The pace of enrollment on Maryland Health Connection has slowed in recent weeks, with 1,655 new people signing up between Jan. 19 and Jan. 25, bringing the total to 26,832 enrollees.
A month ago, enrollment was increasing at a much brisker pace — with as many as 6,542 people enrolling in one week — as the Dec. 31 deadline to buy coverage that would begin on Jan. 1 approached. The following week, interest plummeted, with about 2,000 people signing up.
The pace has continued to slow since then, which makes sense, as there are still two more months left in open enrollment. We’ll probably see another mad rush during the final week of March.
But another wrench has been thrown into the mix that might soon cause a spike in the numbers.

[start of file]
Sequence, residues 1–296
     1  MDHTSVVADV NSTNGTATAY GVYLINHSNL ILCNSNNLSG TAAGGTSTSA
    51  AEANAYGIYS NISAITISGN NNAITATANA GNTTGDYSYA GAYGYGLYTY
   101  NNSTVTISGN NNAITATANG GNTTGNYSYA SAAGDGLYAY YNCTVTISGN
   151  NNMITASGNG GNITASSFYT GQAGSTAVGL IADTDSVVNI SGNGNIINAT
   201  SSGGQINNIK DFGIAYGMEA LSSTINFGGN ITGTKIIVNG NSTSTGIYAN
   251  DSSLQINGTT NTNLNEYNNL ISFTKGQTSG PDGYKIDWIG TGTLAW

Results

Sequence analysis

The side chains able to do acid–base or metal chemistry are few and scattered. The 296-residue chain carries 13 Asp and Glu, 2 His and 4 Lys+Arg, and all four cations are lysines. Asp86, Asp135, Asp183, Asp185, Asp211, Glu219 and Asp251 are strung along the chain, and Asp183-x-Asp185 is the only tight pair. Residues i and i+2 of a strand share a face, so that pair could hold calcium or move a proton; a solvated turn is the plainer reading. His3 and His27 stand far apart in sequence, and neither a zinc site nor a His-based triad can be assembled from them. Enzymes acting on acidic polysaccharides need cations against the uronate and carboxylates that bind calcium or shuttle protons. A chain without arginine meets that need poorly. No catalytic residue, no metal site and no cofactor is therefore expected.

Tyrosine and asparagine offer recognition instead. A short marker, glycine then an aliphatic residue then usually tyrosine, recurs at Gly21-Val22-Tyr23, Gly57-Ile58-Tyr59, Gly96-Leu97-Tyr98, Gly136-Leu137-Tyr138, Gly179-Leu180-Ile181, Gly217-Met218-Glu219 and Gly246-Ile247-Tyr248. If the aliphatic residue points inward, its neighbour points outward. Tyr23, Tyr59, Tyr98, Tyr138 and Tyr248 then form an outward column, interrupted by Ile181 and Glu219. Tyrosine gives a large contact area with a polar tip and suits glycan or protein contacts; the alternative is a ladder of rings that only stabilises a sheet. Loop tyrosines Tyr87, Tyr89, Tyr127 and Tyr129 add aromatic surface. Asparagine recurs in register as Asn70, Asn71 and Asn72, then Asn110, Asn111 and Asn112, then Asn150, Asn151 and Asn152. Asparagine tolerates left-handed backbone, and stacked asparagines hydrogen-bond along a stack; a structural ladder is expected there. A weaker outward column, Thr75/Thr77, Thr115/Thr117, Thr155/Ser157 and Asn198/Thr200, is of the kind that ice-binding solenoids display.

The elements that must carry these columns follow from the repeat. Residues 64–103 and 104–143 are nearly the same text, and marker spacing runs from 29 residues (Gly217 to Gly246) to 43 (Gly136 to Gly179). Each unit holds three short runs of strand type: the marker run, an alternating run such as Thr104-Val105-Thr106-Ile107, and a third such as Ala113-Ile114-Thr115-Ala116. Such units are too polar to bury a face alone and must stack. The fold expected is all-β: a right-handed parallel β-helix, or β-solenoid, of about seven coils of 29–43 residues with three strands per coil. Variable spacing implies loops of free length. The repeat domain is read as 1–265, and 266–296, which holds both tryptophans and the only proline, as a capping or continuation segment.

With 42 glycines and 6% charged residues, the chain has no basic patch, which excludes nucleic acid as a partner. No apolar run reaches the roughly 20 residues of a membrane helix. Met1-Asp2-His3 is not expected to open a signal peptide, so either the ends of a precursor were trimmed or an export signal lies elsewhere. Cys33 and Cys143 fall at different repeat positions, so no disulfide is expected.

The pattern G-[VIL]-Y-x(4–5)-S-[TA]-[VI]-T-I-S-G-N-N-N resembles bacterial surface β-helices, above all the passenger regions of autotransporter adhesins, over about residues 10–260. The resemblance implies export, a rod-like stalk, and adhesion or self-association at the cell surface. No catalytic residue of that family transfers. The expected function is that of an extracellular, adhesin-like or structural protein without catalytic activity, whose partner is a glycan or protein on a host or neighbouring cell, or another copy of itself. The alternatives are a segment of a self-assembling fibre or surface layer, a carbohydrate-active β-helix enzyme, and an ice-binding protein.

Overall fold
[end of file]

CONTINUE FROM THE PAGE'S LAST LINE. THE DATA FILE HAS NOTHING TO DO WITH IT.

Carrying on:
The General Assembly on Wednesday passed a bill that would provide emergency “bridge” coverage to people who were unable to buy a plan from the glitchy exchange. Those people can enroll in the Maryland Health Insurance Plan (MHIP) — a state-run program that catered to high-risk individuals and was supposed to be phased out.
MHIP will cover those individuals — retroactively to Jan. 1 — until they are able to secure another plan.
The cost of the program was initially estimated to be between $5 million and $12 million, but the exact cost is unclear because it depends on how many Marylanders choose to enroll in MHIP. It could be anywhere between 200 and 5,000 people.
Another option, which is no longer available, was for people to seek retroactive coverage from the insurance carriers.
Officials say 1,407 households took advantage of that option.